We forgot to check what time the bakery opened on Saturdays, and sat in the car for 10 minutes, waiting.
We could see them inside through the windows, rolling out dough, flour poufing into the air.
Just before the doors opened other cars slipped into parking spots; we found a line filling the tiny storefront just 30 seconds after they opened. And it was just 9 a.m. on a Saturday morning but the air smelled of bread and sweet syrup and everyone there was happy. You can’t smell baking bread and not be happy, I thought.
Two sticky buns and a mocha muffin were boxed up for us, and one orange Madeline because I wanted to try one (not as good as they look), and we ran back through the brisk morning air. I regretted the bread de campagne left on the shelf – round, thick crusted loaves dusted with flour over their golden tops.
Five minutes later we watched flecks of coffee oils float across the steaming liquid, cupped sticky fingers around the heavy pottery mugs, and watched the coffeeshop traffic ebb and flow.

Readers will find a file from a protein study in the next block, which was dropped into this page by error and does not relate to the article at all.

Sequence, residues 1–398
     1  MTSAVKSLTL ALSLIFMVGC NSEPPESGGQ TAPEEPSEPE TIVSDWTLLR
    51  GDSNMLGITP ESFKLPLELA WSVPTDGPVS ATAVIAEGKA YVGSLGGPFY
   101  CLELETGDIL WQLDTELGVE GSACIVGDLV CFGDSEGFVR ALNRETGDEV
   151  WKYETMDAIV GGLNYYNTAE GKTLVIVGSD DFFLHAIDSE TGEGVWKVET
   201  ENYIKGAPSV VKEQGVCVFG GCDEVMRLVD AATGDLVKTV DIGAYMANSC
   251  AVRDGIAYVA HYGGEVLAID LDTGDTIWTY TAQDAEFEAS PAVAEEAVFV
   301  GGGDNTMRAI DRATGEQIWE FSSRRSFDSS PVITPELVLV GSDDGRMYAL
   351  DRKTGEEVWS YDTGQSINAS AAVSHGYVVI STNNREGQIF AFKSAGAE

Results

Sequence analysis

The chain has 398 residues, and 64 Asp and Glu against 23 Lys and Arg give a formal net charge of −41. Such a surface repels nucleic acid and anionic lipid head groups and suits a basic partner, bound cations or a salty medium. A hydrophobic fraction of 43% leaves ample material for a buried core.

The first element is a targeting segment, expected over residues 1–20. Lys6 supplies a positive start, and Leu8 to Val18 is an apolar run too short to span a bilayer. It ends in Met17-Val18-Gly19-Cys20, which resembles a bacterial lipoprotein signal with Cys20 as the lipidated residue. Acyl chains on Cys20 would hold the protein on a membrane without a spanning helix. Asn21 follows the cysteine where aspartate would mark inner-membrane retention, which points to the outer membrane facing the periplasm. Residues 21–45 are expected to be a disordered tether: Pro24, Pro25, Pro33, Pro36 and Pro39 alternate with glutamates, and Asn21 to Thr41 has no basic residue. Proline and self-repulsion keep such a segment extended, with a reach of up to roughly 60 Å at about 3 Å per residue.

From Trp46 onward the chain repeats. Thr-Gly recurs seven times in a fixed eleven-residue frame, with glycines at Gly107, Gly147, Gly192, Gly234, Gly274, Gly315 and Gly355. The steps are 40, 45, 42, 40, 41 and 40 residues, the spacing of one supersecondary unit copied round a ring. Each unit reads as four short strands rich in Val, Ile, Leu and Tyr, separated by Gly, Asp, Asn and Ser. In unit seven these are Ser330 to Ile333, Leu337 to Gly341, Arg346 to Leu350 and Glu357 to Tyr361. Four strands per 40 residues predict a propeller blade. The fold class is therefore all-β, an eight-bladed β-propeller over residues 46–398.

A family came in – he recognized them as professors or teachers, seen grading papers there last week. This morning they brought a child; he wore the high-waisted and faded jeans of the 80’s, settled in one of the couches with his mug and his paper. She and the girl sat on the other couch, the child’s voice high in the quiet shop.
Students opened laptops and books at a nearby table, and chattered over them. Saturday morning studying, but not much study actually seemed to happen.
A couple walked in, sat near the game-and-book shelf across the room, talked about some group meeting they’d just left.
And we watched them come and watched them go while our coffee cooled enough to drink, ran through quizzes from the old, dog-eared Mensa book and laughed that we knew the history ones but not the art ones. And I saw him see me again from behind the fog of papers and theories and policies and statistics – saw the recognition form again in his eyes as minutes slipped past.
Two doves sat on a power line stretching between buildings; I watched the wind ruffle their feathers as they swayed with the cable.
And soon we were on our way again, he to his studies and me to the grocery store, to chores around the house before work that night.
But the sweetness of the sticky buns and the warmth of the coffee and the smile in his eyes lingered long; a good way to start another year of life, don’t you think?